Aural toilet (ear cleaning) for chronic suppurative otitis media.Cochrane Database Syst Rev. 2020 09 14; 9:CD013057.CD
Chronic suppurative otitis media (CSOM), sometimes referred to as chronic otitis media (COM), is a chronic inflammation and often polymicrobial infection (involving more than one micro-organism) of the middle ear and mastoid cavity, characterised by ear discharge (otorrhoea) through a perforated tympanic membrane. The predominant symptoms of CSOM are ear discharge and hearing loss. Aural toileting is a term describing a number of processes for manually cleaning the ear. Techniques used may include dry mopping (with cotton wool or tissue paper), suction clearance (typically under a microscope) or irrigation (using manual or automated syringing). Dry mopping may be effective in removing mucopurulent discharge. Compared to irrigation or microsuction it is less effective in removing epithelial debris or thick pus. Aural toileting can be used alone or in addition to other treatments for CSOM, such as antibiotics or topical antiseptics.
To assess the effects of aural toilet procedures for people with CSOM.
The Cochrane ENT Information Specialist searched the Cochrane ENT Register; Central Register of Controlled Trials (CENTRAL via the Cochrane Register of Studies); Ovid MEDLINE; Ovid Embase; CINAHL; Web of Science; ClinicalTrials.gov; ICTRP and additional sources for published and unpublished trials. The date of the search was 16 March 2020.
We included randomised controlled trials (RCTs) with at least a one-week follow-up involving people (adults and children) who had chronic ear discharge of unknown cause or CSOM, where the ear discharge had continued for more than two weeks. We included any aural toileting method as the intervention, at any frequency and for any duration. The comparisons were aural toileting compared with a) placebo or no intervention, and b) any other aural toileting method. We analysed trials in which background treatments were used in both arms (e.g. topical antiseptics or topical antibiotics) separately.
DATA COLLECTION AND ANALYSIS
We used the standard Cochrane methodological procedures. We used GRADE to assess the certainty of the evidence for each outcome. Our primary outcomes were: resolution of ear discharge or 'dry ear' (whether otoscopically confirmed or not), measured at between one week and up to two weeks, two weeks to up to four weeks, and after four weeks; health-related quality of life using a validated instrument; and ear pain (otalgia) or discomfort or local irritation. Secondary outcomes were hearing, serious complications, and the adverse events of ear bleeding and dizziness/vertigo/balance problems.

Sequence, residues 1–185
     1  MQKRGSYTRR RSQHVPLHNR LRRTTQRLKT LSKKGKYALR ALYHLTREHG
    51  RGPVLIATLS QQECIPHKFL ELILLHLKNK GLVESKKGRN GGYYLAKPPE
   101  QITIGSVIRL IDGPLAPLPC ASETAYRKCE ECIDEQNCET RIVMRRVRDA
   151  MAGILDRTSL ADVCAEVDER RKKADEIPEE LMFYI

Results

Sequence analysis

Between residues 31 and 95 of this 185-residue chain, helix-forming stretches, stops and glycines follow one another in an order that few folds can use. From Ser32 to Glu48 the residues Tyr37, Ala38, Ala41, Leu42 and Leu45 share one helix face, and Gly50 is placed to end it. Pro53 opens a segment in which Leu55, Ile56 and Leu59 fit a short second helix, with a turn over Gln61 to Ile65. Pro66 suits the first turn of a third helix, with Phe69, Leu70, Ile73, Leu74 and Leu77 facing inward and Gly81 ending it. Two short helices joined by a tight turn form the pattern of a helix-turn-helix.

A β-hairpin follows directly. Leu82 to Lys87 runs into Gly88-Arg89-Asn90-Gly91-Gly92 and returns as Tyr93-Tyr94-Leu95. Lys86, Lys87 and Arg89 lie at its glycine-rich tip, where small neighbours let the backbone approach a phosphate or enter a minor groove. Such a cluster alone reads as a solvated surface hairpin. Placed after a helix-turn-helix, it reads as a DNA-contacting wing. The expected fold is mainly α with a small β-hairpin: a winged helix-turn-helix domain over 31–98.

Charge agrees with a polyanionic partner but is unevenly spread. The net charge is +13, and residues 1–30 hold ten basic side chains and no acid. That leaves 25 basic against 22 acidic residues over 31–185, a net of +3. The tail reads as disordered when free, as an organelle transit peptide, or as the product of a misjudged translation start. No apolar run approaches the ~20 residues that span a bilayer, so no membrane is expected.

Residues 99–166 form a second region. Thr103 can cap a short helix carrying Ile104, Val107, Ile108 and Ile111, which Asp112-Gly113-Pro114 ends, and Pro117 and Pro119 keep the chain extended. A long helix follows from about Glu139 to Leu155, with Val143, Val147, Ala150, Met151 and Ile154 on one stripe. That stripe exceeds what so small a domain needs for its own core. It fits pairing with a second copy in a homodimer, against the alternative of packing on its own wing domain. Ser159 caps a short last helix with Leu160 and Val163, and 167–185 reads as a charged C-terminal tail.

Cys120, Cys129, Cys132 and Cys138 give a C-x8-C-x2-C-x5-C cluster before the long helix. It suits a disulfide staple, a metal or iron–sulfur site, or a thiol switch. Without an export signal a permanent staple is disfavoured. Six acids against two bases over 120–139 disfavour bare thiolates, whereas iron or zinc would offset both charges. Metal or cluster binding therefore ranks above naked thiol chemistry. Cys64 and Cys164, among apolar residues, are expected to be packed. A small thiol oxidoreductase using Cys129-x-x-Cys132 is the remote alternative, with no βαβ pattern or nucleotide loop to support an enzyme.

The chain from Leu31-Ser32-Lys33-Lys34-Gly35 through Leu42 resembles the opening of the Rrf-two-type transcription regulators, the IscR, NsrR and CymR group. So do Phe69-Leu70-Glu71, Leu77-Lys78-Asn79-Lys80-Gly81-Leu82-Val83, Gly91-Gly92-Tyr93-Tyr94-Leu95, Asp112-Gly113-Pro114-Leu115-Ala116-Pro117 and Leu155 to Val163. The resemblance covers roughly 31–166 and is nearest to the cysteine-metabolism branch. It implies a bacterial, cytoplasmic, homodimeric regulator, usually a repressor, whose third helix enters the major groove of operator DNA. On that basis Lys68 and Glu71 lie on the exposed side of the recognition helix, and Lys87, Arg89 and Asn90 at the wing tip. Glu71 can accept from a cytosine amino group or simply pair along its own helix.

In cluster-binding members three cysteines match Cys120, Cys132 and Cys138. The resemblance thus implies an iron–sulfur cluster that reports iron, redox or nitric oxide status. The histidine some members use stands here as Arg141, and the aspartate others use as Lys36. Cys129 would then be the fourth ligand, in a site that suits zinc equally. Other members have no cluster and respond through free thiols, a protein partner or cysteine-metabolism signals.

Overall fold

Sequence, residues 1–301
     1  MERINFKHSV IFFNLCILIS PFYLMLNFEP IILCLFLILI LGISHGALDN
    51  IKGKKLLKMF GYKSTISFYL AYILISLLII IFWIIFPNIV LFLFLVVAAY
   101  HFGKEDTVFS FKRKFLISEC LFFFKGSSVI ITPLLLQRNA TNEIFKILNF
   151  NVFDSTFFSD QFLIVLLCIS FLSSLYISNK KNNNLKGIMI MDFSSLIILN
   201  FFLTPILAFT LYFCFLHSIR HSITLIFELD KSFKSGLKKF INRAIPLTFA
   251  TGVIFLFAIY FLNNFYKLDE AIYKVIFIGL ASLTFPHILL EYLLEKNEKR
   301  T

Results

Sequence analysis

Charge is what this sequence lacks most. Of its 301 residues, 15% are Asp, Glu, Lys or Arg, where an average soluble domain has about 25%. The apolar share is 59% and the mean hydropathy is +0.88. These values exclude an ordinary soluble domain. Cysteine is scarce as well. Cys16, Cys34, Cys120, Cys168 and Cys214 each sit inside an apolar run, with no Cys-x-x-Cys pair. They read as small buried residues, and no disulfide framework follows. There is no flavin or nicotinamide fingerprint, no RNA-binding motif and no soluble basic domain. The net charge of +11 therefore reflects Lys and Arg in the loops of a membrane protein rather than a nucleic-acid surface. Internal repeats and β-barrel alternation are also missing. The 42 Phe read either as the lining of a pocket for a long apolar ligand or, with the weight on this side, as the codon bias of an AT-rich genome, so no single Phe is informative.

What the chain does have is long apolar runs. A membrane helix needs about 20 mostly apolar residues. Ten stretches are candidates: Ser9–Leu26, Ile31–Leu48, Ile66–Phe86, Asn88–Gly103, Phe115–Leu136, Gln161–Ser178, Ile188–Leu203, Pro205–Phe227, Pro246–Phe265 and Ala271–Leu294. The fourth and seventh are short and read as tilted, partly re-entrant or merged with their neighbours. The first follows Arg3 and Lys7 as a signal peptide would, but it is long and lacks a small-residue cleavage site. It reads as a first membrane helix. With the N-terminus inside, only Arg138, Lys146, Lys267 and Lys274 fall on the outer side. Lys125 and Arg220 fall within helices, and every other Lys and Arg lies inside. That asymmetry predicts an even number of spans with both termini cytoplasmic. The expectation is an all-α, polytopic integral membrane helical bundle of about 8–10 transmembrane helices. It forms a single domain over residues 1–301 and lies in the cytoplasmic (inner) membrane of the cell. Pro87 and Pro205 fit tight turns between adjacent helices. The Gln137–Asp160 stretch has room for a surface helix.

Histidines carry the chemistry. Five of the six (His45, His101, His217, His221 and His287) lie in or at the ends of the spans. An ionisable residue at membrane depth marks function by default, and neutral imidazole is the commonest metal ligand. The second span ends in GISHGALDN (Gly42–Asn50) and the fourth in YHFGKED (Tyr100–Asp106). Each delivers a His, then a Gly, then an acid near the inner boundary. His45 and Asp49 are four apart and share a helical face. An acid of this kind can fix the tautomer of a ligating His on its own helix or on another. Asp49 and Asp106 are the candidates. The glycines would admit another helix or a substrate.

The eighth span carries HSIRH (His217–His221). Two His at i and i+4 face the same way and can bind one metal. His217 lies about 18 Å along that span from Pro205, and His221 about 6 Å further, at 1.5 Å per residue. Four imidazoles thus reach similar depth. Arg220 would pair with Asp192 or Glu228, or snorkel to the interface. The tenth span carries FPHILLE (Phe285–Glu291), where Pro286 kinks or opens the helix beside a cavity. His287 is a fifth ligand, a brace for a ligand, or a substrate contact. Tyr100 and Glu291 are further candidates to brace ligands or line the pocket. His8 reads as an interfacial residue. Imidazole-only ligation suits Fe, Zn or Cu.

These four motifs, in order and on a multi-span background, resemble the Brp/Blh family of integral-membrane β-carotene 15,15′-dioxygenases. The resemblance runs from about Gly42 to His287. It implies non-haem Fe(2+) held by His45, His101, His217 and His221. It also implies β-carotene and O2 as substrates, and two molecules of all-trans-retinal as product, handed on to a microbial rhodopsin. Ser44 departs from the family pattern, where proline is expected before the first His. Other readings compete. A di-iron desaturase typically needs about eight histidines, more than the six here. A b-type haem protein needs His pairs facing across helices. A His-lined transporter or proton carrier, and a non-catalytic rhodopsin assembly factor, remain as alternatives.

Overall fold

We included three studies with a total of 431 participants (465 ears), reporting on two comparisons. Two studies included only children with CSOM in the community (351 participants) and the other study (80 participants) included children and adults with chronic ear discharge for at least six weeks. None of the included studies reported the outcomes of health-related quality of life, ear pain or the adverse event of ear bleeding. Daily aural toileting (dry mopping) versus no treatment Two studies (351 children; 370 ears) compared daily dry mopping with no treatment. Neither study presented results for resolution of ear discharge at between one and up to two weeks or between two to four weeks. For resolution of ear discharge after four weeks, one study reported the results per person. We are very uncertain whether there is a difference at 16 weeks (risk ratio (RR) 1.01, 95% confidence interval (CI) 0.60 to 1.72; 1 study; 217 participants) because the certainty of the evidence is very low. No results were reported for the adverse events of dizziness, vertigo or balance problems. Only one study reported serious complications, but it was not clear which group these patients were from, or whether the complications occurred pre- or post-treatment. One study reported hearing, but the results were presented by treatment outcome rather than by treatment group so it is not possible to determine whether there is a difference between the two groups. Daily aural toileting versus single aural toileting on top of topical ciprofloxacin One study (80 participants; 95 ears) compared daily aural toileting (suction) with administration of topical antibiotic (ciprofloxacin) ear drops in a clinic, to a single aural toileting (suction) episode followed by daily self-administered topical antibiotic drops, in participants of all ages. We are unsure whether there is a difference in resolution of ear discharge at between one and up to two weeks (RR 1.09, 95% CI 0.91 to 1.30; 1 study; 80 participants) because the certainty of the evidence is very low. There were no results reported for resolution of ear discharge at between two to four weeks. The results for resolution of ear discharge after four weeks were presented by ear, not person, and could not be adjusted to by person. One patient in the group with single aural toileting and self administration of topical antibiotic ear drops reported the adverse event of dizziness, which the authors attributed to the use of cold topical ciprofloxacin. It is very uncertain whether there is a difference between the groups (RR 0.33, 95% CI 0.01 to 7.95; 1 study; 80 participants, very low-certainty). No results were reported for the other adverse events of vertigo or balance problems, or for serious complications. The authors only reported qualitatively that there was no difference between the two groups in hearing results (very low-certainty).